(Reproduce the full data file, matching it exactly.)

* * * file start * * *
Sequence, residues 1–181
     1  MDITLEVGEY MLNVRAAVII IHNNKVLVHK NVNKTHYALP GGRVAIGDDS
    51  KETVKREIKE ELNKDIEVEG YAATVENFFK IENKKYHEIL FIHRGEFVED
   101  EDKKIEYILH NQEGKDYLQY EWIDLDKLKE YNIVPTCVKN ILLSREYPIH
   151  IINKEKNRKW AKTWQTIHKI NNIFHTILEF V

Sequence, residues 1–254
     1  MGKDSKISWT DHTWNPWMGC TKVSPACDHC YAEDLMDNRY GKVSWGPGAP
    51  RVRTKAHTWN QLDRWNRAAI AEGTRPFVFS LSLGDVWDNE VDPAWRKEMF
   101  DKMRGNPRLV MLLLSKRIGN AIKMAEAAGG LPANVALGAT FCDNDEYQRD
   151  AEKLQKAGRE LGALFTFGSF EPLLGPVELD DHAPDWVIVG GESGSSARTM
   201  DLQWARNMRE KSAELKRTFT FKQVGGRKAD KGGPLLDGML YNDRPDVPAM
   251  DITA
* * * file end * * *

Sequence, residues 1–181
     1  MDITLEVGEY MLNVRAAVII IHNNKVLVHK NVNKTHYALP GGRVAIGDDS
    51  KETVKREIKE ELNKDIEVEG YAATVENFFK IENKKYHEIL FIHRGEFVED
   101  EDKKIEYILH NQEGKDYLQY EWIDLDKLKE YNIVPTCVKN ILLSREYPIH
   151  IINKEKNRKW AKTWQTIHKI NNIFHTILEF V

Sequence, residues 1–254
     1  MGKDSKISWT DHTWNPWMGC TKVSPACDHC YAEDLMDNRY GKVSWGPGAP
    51  RVRTKAHTWN QLDRWNRAAI AEGTRPFVFS LSLGDVWDNE VDPAWRKEMF
   101  DKMRGNPRLV MLLLSKRIGN AIKMAEAAGG LPANVALGAT FCDNDEYQRD
   151  AEKLQKAGRE LGALFTFGSF EPLLGPVELD DHAPDWVIVG GESGSSARTM
   201  DLQWARNMRE KSAELKRTFT FKQVGGRKAD KGGPLLDGML YNDRPDVPAM
   251  DITA